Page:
When hiring for any position, chances are that you’ll hear plenty of reasons why past success qualifies certain applicants above their peers. Résumés and interviews are full of impactful statistics, shiny awards, and powerful references illustrating all the reasons someone might be right for the job.
But how often does the subject of failure-based learning come to light? Are your organization’s potential hires comfortable acknowledging failures throughout their professional careers and how those have helped them evolve into better producers, managers or leaders?
Finding the right person for the job can be tough, but candidates who speak openly to their failures have significantly more to offer than those who merely boast their successes. Here’s why.
Accountability Creates Leaders
Michael Jordan, at the pinnacle of his success, put failure in its proper context with his most famous quote:
“I've missed more than 9,000 shots in my career. I've lost almost 300 games. 26 times, I've been trusted to take the game winning shot and missed. I've failed over and over and over again in my life. And that is why I succeed.”
Jordan is just one of many elite athletes to speak on the subject of productive failure; of pushing boundaries and expanding comfort zones to the point of repetitive failure, all in the pursuit of success. The formula works in business just as it did for Jordan on the court. The relentless pursuit of improvement and success will always be met with failure along the way. These are the candidates you want — the ones that can talk about their battle scars and not their medals.
Real Experience Only Comes by Failing
Failure isn’t an excuse to be unsuccessful; rather it is the building block on which all future success is achieved. This is where the quality of your hires creates its greatest impact — how well do they address and learn from their past mistakes? As author Mark Twain once accurately said:
“Good judgement is the result of experience, and experience the result of bad judgement.”
It should therefore raise a mental alarm when potential hires claim to have immense experience but fail to own up to any instances of poor judgement.
When hiring talent, many companies claim they’re looking for someone with an “ownership mindset”. In practice, ownership and accountability are demonstrated through a profound understanding of “good” failure, and how it relates to high-performance standards.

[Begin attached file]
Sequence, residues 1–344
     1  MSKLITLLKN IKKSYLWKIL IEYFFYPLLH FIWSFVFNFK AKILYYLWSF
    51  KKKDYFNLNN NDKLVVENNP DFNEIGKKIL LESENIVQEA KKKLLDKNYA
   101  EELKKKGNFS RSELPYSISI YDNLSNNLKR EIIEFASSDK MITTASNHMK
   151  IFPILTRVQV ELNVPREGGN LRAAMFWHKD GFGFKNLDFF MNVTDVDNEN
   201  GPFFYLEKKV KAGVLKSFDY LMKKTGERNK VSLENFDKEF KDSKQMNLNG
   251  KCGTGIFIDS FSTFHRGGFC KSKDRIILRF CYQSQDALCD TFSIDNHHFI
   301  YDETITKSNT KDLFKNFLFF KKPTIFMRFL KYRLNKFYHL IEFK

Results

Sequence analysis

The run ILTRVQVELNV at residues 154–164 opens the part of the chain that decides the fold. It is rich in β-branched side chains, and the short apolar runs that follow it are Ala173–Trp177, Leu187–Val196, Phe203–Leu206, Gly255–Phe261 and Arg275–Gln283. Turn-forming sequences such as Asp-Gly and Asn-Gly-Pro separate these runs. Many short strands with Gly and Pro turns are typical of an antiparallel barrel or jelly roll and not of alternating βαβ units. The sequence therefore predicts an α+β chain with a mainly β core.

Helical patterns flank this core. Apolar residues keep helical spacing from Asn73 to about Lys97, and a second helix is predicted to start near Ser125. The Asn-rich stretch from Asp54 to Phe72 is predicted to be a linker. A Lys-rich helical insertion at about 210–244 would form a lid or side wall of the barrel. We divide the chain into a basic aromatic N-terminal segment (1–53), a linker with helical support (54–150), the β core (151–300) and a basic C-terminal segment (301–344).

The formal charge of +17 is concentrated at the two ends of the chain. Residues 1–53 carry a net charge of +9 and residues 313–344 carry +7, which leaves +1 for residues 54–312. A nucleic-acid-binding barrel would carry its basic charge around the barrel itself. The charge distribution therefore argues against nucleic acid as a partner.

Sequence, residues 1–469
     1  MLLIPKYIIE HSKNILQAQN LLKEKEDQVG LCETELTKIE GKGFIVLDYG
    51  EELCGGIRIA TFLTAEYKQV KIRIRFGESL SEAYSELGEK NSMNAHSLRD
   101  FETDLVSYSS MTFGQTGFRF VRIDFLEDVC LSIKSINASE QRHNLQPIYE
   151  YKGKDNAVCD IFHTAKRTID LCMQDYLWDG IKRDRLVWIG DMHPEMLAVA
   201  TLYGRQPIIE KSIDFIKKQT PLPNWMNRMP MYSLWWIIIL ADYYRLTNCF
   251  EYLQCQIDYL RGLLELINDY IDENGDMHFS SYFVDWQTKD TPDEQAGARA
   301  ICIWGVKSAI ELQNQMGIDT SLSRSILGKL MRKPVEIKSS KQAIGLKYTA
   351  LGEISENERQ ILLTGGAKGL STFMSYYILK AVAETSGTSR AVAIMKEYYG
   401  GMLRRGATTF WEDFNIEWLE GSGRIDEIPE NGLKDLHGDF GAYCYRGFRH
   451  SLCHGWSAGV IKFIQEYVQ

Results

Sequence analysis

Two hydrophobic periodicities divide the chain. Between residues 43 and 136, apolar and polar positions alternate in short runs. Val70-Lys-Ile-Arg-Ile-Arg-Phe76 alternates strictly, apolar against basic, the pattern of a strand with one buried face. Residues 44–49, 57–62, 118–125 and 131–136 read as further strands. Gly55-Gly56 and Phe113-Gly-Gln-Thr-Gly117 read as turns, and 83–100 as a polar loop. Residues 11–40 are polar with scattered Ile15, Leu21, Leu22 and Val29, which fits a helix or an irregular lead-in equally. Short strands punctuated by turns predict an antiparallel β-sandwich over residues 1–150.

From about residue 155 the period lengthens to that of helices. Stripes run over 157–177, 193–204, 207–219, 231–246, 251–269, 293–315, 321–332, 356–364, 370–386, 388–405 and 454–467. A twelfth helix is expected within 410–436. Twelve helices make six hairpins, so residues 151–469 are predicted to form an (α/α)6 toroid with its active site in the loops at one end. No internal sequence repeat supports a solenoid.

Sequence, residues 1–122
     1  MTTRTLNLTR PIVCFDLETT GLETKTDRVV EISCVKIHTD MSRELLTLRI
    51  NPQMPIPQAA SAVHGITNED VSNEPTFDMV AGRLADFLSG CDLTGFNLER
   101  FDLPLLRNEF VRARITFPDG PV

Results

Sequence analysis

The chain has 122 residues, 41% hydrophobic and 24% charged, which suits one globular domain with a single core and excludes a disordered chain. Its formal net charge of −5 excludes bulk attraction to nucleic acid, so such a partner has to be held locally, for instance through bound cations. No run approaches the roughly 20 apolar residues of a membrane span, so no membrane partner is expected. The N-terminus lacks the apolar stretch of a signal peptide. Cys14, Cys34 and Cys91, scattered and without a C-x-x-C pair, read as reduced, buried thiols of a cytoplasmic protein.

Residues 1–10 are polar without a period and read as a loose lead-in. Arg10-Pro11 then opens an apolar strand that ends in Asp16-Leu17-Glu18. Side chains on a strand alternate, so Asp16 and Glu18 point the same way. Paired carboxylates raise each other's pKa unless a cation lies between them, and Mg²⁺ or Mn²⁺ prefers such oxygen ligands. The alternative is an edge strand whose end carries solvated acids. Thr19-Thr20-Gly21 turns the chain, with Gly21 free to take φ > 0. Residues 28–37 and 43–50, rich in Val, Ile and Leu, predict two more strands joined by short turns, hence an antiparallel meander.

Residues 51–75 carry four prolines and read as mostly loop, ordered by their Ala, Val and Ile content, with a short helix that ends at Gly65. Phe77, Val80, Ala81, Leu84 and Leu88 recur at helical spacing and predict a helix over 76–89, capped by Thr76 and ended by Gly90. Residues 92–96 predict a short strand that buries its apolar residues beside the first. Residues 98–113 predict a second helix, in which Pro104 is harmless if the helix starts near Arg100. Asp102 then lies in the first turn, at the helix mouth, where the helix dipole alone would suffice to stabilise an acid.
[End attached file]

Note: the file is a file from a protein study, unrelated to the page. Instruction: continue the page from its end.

Pain + Reflection = Progress
Billionaire hedge fund manager Ray Dalio writes extensively on the subject of learning through failure, boiling it down to its foundational principles with this simple equation: Pain, is often experienced during failure and almost always is very difficult to embrace. Reflection and understanding of the causes of the failure always result in making personal progress, hence, the knowledge of how to avoid that specific failure again.
What’s more, it results in more radical, more effective progress than those who never experience failure in the first place.
Ask yourself then: Who will make a greater impact on your company - the interviewee who progresses in understanding and improving each time they fail, or the one who prefers to focus only on their "alleged brilliance"?
The more a person introspects and understands the causes of their failures, the more insights they gain — and the better they’ll be able to approach similar circumstances next time around. This ability to learn from positive failure is the very processing mechanism by which a potential hire will cope with unexpected challenges encountered on the job and is precisely the quality you should seek in each new hire to maintain rapid progression and growth throughout your organization.
Making the Right Hire
The end goal of any new hire is to add value to the organization. Throughout the screening process, pay close attention to the stories the candidates share and what qualities they appear to demonstrate. Those who focus on genuine individual accountability and experience, who can recognize and admit mistakes, speak freely and uninhibitedly to their battle scars, and can articulate how they stepped forward and learned from these experiences because of those failures are truly valuable, these candidates should be the next-generation of your firm.